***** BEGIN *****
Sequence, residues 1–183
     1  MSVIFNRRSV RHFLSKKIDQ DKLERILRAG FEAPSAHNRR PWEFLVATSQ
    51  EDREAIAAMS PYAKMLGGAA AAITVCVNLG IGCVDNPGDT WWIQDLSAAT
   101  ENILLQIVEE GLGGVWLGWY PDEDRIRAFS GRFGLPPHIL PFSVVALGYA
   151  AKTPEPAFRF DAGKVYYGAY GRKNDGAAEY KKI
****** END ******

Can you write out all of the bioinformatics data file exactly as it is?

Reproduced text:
Sequence, residues 1–183
     1  MSVIFNRRSV RHFLSKKIDQ DKLERILRAG FEAPSAHNRR PWEFLVATSQ
    51  EDREAIAAMS PYAKMLGGAA AAITVCVNLG IGCVDNPGDT WWIQDLSAAT
   101  ENILLQIVEE GLGGVWLGWY PDEDRIRAFS GRFGLPPHIL PFSVVALGYA
   151  AKTPEPAFRF DAGKVYYGAY GRKNDGAAEY KKI